Let’s face it: sometimes data isn’t the prettiest or easiest to understand. I remember checking out in math class when learning about graphing because it was such a difficult concept for me to wrap my head around. This still happens today, and I know I’m not the only person whose eyes glaze over when confronted with a particularly intimidating data set. If people are already having difficulty making their way through longform content, it’s most likely even more of a challenge for them to stay engaged long enough to digest your data. Data visualization involves finding a more eye-catching way to portray data for your audience. When made interactive, data visualization becomes a more approachable and interesting way for people to view and comprehend information. Rather than present the stats in a two-dimensional, uninspired format—data visualization lets you develop a narrative around your stats. Pairing that with an interactive design, data becomes easier to understand and more interesting to audiences.
Interactive Data Visualization Example
Source: Visage & Ceros Just because data is more scientific doesn’t mean it needs to be dry or difficult to understand. Made in partnership with Visage, our Data Storytelling infographic uses interactive visuals and an engaging narrative to provide viewers with an easier way to comprehend data. Rather than obscure the stats with boring information or intimidating graphs, this infographic puts data front and center with a unique and compelling treatment. Interactivity also lets people engage with the graphs they find most interesting, allowing them to follow the story and understand the data at their pace.
Everyone has a favorite book, one that keeps them up late at night or has them so absorbed they miss their train stop. It’s easy getting wrapped up in a good story. Stories make us feel whole, as if the world isn’t such a big place. Brands can also use stories to connect with people. Riveting, impactful content that shows a brand’s human side inspires and provides value rather than trying to push a sale. Interactive storytelling follows a similar process to traditional storytelling, but includes elements such as animations, multimedia, and branching narratives. These interactive elements allow the audiences to actively participate in the narrative and control which parts they engage with. Typically, we see storytelling in narrative-driven content types like eBooks, microsites, and whitepapers.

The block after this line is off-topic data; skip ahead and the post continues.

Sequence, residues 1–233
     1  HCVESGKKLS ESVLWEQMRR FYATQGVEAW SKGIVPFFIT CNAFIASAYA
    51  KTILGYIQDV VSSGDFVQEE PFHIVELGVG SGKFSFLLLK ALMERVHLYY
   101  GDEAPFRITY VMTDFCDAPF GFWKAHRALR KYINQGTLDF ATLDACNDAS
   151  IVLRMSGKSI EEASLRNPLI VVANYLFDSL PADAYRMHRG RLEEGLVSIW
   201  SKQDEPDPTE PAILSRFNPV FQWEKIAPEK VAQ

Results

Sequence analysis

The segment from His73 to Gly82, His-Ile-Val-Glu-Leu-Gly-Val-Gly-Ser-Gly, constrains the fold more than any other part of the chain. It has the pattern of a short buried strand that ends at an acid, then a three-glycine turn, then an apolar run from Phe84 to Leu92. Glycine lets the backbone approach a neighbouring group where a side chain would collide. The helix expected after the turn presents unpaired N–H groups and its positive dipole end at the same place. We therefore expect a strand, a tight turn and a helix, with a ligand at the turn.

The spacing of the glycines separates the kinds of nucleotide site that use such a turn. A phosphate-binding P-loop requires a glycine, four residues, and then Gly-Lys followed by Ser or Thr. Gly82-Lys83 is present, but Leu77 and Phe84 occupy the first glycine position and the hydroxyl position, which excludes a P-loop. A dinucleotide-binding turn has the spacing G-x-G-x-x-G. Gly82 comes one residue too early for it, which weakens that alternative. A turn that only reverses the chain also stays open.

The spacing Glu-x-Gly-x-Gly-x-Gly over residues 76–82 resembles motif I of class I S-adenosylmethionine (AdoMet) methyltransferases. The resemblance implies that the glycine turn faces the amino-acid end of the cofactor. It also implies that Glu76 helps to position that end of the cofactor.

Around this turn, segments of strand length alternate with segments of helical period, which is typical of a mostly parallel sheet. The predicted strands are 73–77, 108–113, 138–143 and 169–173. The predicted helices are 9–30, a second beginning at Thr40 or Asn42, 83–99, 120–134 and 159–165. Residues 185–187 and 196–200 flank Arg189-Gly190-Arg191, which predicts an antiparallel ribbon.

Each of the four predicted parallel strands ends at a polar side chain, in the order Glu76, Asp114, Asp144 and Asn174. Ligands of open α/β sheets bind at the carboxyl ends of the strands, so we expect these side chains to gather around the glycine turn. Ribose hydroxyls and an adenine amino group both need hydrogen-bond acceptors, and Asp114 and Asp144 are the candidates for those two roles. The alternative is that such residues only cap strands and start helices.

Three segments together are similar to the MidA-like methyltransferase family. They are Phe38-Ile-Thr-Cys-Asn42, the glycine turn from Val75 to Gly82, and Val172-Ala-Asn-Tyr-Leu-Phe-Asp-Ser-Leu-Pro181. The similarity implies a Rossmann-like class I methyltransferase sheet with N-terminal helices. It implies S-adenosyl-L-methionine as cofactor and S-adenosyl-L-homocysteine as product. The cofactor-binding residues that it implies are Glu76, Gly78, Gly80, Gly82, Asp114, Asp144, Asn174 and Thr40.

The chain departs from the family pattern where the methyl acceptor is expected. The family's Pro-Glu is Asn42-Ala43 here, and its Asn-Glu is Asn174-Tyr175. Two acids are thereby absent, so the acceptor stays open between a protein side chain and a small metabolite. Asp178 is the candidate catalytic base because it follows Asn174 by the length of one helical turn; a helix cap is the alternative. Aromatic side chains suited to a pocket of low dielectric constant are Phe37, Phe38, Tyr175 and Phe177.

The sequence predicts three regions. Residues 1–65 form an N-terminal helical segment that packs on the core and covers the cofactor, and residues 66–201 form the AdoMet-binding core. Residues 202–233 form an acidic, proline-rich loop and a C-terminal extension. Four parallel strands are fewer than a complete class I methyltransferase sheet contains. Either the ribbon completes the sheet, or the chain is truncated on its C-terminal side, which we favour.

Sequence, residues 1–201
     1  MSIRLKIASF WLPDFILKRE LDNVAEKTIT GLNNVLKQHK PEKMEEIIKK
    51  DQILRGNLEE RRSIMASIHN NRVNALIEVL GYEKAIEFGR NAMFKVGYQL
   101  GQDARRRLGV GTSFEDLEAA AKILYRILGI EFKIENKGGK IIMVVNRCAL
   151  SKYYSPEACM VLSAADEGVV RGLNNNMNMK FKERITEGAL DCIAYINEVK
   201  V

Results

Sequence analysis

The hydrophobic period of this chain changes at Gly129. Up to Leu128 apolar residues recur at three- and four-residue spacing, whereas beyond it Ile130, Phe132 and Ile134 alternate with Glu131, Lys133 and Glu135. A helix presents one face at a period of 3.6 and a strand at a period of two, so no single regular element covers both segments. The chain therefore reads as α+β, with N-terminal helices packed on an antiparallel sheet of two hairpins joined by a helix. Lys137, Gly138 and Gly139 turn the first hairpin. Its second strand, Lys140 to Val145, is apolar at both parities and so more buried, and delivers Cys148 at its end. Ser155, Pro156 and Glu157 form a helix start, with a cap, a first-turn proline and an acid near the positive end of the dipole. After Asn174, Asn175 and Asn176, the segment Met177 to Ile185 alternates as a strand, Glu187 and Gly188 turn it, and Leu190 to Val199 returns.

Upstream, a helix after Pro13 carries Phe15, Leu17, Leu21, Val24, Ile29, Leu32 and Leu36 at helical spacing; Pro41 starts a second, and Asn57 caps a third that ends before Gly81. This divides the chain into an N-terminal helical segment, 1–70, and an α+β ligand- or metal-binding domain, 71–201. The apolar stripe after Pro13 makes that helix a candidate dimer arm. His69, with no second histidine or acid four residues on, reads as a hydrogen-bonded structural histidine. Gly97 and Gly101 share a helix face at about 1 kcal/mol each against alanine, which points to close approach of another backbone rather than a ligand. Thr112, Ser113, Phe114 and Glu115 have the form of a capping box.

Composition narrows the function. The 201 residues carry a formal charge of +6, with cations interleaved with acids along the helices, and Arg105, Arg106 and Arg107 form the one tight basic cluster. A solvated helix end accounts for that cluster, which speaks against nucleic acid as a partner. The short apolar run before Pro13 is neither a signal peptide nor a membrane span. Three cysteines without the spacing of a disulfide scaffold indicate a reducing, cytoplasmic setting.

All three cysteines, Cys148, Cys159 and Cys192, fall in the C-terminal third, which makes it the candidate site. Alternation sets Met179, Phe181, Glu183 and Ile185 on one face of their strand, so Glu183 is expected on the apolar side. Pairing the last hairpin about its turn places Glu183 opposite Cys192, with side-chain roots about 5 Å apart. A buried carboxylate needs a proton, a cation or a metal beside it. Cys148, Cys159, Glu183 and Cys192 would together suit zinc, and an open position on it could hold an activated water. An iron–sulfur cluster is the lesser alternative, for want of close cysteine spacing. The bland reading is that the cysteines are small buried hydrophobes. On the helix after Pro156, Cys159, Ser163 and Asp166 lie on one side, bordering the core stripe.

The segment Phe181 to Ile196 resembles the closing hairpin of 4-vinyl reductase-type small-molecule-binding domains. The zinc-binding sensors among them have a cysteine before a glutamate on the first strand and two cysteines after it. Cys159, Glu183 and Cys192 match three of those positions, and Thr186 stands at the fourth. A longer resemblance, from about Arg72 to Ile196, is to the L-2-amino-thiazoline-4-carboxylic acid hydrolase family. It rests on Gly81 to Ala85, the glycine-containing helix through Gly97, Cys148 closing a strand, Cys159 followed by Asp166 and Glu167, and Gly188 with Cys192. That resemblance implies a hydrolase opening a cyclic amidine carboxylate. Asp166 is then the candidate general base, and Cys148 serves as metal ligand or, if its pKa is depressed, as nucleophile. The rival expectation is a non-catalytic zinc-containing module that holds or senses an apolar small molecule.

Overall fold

Interactive Storytelling Example
Source: Tully Tully Luxury Travel’s interactive microsite takes readers on a journey through different vacation spots around the globe and invites them to learn more about what makes these places so unique. Told from multiple points-of-view, readers are encouraged to explore the microsite either by place or by travel agent. These different POVs let readers choose their own narrative, allowing for them to control and interact with the story in a way that’s more hands-on and immersive than a static story.
There’s been a lot of buzz around video marketing over the past few years. From the snackable content that pops up on Facebook to live-streaming sessions on Periscope, video has become a major component of many brands’ content marketing programs. Video is effective in getting your audience’s attention and is one of the most engaging forms of content. Over half of marketers believe video is the best content type when it comes to ROI. One of the reasons interactive video is such an effective marketing tool is because it can be used to tell many different kinds of stories. Clickable elements within the video give viewers the unique opportunity to choose what they want to learn and in what order. By making videos that are less passive and more hands-on, brands are able to deliver the personalized experiences audiences want.
Source: Rapt Media Maybelline’s interactive makeup guide allows viewers to choose which tutorial they want to see. After giving an overview of the types of high fashion make-up trends, viewers are then prompted to choose between exploring day or night looks. The video also includes a menu bar at the bottom so viewers can watch the other three tutorials and browse the collection at their own pace in a non-linear fashion. This kind of interactivity drives even more engagement than the typical video and allows for viewers to take full control of their experience.
The Bottom Line
From calculators to videos, interactive content can help you create more engaging, personalized, and flexible digital experiences for your audience—while also driving results for your marketing program.